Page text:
Investing.com -- Crude oil prices surged Friday, climbing to fresh one-year highs, after a group of top producers agreed not to increase supply in April, taking a cautious stance on the global economic recovery.
By 10 AM ET (1500 GMT), U.S. crude futures traded 3% higher at $65.77 a barrel, rising above $65 for the first time since January 2020, while the international benchmark Brent contract rose 3.2% to $68.90, also at its highest level since the start of last year.
U.S. Gasoline RBOB Futures were up 2.5% at $2.0484 a gallon, the first time above $2 since January 2019.
These gains followed the decision of the Organization of Petroleum Exporting Countries and its allies including Russia, a grouping known as OPEC+, to extend its output curbs into April, only granting small exemptions to Russia and Kazakhstan.
This move surprised a number of traders, particularly with Saudi Arabia agreeing to maintain its voluntary additional cut of 1 million barrels per day through April even after oil prices had rallied to over $60 a barrel from below $40, when it decided on the need to reduce global supply.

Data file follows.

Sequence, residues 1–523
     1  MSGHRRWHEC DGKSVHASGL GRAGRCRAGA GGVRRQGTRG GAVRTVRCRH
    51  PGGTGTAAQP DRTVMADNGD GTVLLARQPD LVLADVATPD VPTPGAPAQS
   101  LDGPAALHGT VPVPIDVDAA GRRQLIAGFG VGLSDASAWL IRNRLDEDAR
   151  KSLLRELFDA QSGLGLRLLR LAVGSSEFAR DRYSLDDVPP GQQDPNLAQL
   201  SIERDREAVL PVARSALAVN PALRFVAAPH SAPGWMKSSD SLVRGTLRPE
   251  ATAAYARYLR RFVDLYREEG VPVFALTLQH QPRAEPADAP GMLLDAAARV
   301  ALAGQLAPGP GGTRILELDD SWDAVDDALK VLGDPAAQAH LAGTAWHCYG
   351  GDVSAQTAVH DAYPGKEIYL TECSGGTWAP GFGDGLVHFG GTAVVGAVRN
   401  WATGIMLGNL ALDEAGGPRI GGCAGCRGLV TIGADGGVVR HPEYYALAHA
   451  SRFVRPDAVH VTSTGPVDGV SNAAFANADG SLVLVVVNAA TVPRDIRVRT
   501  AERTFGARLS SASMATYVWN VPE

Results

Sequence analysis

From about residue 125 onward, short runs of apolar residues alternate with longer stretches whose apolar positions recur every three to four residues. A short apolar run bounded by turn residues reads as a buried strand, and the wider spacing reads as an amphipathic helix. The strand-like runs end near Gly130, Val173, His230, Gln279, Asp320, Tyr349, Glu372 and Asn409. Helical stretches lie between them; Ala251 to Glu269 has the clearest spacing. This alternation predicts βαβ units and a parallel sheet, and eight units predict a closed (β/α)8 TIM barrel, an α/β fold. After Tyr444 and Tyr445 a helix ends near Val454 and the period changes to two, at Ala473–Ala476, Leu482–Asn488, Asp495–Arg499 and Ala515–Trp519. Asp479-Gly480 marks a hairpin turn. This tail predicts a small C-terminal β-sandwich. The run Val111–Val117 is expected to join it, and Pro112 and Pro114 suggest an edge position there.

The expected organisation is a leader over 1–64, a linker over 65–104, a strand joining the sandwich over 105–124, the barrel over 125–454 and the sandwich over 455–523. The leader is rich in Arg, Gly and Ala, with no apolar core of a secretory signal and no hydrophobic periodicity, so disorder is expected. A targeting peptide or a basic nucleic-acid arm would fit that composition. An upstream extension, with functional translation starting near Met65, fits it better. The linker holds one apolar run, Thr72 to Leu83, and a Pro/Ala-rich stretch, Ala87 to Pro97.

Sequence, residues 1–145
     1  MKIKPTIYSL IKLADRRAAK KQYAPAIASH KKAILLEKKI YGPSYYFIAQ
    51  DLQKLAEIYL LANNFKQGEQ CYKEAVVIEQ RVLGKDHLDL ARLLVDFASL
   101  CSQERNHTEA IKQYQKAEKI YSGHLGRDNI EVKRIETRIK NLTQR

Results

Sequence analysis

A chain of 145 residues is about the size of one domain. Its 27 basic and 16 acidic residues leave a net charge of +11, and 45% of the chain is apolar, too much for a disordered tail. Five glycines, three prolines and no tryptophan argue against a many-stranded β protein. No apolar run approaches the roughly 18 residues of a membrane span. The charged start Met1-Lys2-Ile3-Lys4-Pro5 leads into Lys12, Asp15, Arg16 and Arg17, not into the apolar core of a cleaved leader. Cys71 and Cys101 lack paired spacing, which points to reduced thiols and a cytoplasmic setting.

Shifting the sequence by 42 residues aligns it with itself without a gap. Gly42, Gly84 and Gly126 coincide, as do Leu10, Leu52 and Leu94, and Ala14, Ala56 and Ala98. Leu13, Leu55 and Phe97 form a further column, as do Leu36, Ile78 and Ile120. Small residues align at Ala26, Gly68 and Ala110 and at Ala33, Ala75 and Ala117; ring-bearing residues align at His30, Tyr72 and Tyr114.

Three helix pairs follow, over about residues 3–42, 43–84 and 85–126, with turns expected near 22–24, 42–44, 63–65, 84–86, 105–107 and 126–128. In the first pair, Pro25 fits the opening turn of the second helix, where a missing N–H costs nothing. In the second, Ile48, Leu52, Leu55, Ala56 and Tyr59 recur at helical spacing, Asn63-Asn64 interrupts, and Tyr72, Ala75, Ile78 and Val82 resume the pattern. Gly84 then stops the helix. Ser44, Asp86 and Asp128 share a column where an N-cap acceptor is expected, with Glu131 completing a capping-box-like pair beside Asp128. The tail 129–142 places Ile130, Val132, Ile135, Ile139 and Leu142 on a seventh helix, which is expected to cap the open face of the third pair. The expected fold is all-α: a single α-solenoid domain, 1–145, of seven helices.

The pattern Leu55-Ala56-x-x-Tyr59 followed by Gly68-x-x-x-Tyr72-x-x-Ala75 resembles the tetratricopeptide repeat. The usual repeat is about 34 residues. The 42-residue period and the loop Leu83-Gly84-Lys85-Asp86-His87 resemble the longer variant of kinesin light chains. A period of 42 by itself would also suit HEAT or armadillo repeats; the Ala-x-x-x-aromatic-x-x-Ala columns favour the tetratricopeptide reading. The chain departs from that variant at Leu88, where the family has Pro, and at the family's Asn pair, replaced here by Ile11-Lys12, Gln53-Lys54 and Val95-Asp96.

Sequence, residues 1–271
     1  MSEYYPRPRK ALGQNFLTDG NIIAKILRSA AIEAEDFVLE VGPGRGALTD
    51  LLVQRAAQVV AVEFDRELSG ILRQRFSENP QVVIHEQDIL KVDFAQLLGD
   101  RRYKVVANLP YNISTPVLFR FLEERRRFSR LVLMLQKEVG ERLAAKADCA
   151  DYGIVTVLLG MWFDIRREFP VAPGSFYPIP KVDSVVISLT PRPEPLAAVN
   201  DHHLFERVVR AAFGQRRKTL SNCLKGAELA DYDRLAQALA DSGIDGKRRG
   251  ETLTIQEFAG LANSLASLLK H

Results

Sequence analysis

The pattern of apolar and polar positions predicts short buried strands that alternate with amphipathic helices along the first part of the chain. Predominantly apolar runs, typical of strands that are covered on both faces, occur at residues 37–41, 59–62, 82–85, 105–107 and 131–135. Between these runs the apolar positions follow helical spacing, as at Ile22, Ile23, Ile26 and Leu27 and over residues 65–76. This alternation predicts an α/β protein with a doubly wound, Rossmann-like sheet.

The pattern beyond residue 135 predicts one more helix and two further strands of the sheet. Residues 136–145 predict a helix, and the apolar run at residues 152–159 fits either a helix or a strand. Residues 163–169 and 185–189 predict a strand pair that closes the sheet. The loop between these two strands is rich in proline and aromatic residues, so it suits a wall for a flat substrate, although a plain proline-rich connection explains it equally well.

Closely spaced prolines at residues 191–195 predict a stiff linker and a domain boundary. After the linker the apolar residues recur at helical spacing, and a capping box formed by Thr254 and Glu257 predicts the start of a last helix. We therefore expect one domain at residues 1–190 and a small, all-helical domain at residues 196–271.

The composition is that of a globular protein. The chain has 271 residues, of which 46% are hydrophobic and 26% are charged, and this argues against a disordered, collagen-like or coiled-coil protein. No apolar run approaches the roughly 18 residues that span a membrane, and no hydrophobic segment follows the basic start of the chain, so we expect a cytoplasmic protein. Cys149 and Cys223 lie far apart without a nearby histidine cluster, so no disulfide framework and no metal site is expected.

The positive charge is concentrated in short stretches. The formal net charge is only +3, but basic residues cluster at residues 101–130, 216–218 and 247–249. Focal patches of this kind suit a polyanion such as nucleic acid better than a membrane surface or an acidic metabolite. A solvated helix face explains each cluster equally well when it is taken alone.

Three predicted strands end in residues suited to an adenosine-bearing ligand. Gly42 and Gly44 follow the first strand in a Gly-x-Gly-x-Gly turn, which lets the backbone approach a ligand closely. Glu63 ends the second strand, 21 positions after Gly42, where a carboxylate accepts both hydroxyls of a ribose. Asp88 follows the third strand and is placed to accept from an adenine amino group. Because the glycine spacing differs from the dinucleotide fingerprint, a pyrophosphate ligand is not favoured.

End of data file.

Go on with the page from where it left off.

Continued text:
Analysts at influential investment bank Goldman Sachs (NYSE:GS) responded to this decision by lifting its second-quarter and third-quarter forecasts for Brent by $5 each to $75 and $80 a barrel, respectively.
“Although members discussed Covid demand risks, our takeaway from the press conference is that the discipline of shale producers is likely behind this slower increase in production,” the bank said in a note.
The OPEC+ members appear to believe that U.S. oil production will struggle to respond to the higher price environment in the near term, particularly after the damage caused by the recent wintry snap.
“If this is the attitude that OPEC+ are taking it does suggest that they believe they can push prices even higher, without the risk of losing market share,” said analysts at ING, in a research note. “And would not be surprised to see Brent testing US$70/bbl ahead of the next OPEC+ meeting” at the start of April.
Ahead of that, focus will turn to the Baker Hughes’ rig count data later Friday. The number of active rigs has picked up somewhat in recent months but remains nowhere near the level analysts say is necessary to generate a meaningful rise in output.